Rich Internet Application Server Technologies
Web Servers (IIS and Apache)
In this chapter, we discuss the specialized software—called a web server—that responds to client requests (typically from a web browser) by providing resources such as XHTML documents. For example, when users enter a Uniform Resource Locator (URL) address, such as www.deitel.com, into a web browser, they are requesting a specific document from a web server. The web server maps the URL to a resource on the server (or to a file on the server’s network) and returns the requested resource to the client. During this interaction, the web server and the client communicate using the platform-independent Hypertext Transfer Protocol (HTTP), a protocol for transferring requests and files over the Internet or a local intranet.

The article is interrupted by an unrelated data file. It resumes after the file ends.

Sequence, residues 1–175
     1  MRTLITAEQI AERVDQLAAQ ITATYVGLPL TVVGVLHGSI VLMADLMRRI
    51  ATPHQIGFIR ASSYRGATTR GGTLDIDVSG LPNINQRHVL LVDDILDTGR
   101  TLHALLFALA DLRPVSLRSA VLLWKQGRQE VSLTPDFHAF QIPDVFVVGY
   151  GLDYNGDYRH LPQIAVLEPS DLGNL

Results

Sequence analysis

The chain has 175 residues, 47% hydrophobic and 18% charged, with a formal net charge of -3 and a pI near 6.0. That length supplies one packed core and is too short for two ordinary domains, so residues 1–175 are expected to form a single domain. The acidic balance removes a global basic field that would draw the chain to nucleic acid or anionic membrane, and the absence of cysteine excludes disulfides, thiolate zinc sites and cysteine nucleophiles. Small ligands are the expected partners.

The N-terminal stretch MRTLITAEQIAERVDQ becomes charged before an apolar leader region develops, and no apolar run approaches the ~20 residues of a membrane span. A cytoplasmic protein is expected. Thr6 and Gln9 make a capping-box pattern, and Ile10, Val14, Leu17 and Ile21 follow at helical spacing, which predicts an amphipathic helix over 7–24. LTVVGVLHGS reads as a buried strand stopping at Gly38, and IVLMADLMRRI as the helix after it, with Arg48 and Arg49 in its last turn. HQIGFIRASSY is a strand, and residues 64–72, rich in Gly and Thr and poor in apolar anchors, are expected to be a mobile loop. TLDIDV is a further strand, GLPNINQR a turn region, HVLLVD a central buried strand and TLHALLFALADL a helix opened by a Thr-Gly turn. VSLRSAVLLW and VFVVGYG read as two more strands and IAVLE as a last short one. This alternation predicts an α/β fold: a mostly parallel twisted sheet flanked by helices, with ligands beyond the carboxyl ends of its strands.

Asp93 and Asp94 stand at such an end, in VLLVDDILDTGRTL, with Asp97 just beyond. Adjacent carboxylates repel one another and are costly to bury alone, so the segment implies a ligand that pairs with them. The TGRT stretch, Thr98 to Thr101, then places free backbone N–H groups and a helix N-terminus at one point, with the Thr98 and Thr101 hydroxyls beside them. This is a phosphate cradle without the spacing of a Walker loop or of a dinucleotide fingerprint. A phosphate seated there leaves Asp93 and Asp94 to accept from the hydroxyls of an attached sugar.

Our web server discussion introduces Microsoft Internet Information Services (IIS) and the open source Apache HTTP Server. Sections 21.6 and 21.7 discuss IIS and Apache, respectively.
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